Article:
yena vā bhagavāṁs tuṣyed
samprasīdati vā yeṣām
etad ākhyāhi me ’nagha
yena—by which; vā—either; bhagavān—the Personality of Godhead; tuṣyet—is satisfied; dharma-yoniḥ—the father of all religion; janārdanaḥ—the controller of all living being; samprasīdati—completely satisfied; vā—either, or; yeṣām—of those; etat—all these; ākhyāhi—kindly describe; me—unto me; anagha—O sinless one.
O sinless one, because the Personality of Godhead, the controller of all living entities, is the father of all religion and all those who are candidates for religious activities, kindly describe how He can be completely satisfied.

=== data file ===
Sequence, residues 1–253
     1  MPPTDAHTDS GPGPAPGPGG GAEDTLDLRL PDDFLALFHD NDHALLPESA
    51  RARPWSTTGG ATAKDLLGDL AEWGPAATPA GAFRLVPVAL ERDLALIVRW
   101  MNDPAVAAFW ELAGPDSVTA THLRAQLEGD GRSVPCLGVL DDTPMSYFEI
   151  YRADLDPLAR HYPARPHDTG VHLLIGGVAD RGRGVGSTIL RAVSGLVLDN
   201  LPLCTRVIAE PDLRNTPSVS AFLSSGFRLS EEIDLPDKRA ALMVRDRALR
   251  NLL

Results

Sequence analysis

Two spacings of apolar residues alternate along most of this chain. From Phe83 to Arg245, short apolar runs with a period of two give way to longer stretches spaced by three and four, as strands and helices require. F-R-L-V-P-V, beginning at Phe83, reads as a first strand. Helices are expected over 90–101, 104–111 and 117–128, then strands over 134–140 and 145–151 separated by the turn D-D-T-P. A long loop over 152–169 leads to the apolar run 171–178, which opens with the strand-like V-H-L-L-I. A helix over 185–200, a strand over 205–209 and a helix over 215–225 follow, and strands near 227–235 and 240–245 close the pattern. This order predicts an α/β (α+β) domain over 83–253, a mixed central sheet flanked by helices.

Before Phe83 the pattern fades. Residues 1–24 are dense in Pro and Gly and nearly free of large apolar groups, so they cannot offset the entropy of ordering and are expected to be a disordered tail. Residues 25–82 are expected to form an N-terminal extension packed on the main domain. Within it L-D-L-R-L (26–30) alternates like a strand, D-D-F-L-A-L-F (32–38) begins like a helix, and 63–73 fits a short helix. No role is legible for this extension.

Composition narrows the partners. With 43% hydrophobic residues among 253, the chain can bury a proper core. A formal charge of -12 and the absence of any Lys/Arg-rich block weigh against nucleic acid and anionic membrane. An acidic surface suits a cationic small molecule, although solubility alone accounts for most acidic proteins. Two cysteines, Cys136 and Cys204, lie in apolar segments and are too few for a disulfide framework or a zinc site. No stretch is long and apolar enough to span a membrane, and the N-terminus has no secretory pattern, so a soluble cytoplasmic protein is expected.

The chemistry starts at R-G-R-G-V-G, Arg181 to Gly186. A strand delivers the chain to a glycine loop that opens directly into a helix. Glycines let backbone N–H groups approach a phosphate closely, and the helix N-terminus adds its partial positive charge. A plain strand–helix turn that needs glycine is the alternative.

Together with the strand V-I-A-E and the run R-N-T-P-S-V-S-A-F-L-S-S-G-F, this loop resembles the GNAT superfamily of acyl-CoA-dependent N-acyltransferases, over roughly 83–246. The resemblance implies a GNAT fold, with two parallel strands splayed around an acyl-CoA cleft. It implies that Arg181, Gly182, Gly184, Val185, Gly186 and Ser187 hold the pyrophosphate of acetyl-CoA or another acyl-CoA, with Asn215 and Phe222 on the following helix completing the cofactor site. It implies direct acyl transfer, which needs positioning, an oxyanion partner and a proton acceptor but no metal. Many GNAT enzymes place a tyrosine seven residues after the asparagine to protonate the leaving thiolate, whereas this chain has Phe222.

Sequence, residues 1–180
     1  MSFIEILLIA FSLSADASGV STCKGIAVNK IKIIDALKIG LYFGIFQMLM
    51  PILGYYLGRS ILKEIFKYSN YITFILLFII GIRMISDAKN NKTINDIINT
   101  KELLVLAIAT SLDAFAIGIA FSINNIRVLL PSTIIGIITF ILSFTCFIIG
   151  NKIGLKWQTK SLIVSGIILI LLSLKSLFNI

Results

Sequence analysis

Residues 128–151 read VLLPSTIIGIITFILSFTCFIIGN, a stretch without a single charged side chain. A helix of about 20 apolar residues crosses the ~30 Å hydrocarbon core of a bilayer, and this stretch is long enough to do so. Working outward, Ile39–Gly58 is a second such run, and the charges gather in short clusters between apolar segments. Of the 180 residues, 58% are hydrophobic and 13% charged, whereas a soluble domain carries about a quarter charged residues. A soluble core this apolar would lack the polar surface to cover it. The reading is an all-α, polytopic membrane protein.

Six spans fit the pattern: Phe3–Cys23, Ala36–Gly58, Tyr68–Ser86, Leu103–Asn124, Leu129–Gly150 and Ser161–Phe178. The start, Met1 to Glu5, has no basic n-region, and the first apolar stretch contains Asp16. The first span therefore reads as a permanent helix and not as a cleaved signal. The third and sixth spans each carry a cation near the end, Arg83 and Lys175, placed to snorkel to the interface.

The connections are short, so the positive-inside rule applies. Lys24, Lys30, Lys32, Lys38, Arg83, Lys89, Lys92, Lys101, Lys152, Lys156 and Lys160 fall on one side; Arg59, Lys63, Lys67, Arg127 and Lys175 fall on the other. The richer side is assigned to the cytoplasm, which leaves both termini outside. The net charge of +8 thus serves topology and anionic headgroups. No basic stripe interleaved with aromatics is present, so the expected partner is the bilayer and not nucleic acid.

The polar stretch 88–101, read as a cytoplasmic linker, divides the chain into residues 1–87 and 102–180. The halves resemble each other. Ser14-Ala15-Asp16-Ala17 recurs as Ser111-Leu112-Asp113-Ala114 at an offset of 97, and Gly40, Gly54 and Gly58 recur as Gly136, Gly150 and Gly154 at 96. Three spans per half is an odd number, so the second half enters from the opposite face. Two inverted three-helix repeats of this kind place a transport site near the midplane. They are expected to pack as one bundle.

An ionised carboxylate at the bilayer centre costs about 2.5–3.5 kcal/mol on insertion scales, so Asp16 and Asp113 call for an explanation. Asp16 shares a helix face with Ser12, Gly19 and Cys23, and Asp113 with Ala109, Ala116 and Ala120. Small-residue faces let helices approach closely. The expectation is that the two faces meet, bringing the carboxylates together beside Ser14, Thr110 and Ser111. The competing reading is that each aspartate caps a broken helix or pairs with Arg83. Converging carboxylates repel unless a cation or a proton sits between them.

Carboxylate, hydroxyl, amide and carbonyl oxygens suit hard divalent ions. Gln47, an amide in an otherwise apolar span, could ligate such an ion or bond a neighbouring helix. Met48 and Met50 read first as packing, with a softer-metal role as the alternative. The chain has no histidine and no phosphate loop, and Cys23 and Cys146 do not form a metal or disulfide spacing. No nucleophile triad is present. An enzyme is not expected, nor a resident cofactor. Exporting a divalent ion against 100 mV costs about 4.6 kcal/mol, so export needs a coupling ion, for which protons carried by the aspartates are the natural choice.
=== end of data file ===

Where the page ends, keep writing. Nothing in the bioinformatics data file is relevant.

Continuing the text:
All religious activities are meant ultimately to satisfy the Supreme Personality of Godhead. The Lord is the father of all religious principles. As stated in Bhagavad-gītā (7.16), four kinds of pious men—the needy, the distressed, the enlightened and the inquisitive—approach the Lord in devotional service, and their devotion is mixed with material affection. But above them are the pure devotees, whose devotion is not tainted by any material tinges of fruitive work or speculative knowledge. Those who are only miscreants throughout their lives are compared to demons (Bg. 7.15). They are bereft of all knowledge, in spite of any academic educational career they may pursue. Such miscreants are never candidates for satisfying the Lord.
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